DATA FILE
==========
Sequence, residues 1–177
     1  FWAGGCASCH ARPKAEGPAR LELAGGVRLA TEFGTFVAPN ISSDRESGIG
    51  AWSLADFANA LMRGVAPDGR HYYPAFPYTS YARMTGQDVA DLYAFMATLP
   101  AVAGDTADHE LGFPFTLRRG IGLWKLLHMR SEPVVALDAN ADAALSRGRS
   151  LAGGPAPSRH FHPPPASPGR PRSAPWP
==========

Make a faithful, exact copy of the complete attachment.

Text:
Sequence, residues 1–177
     1  FWAGGCASCH ARPKAEGPAR LELAGGVRLA TEFGTFVAPN ISSDRESGIG
    51  AWSLADFANA LMRGVAPDGR HYYPAFPYTS YARMTGQDVA DLYAFMATLP
   101  AVAGDTADHE LGFPFTLRRG IGLWKLLHMR SEPVVALDAN ADAALSRGRS
   151  LAGGPAPSRH FHPPPASPGR PRSAPWP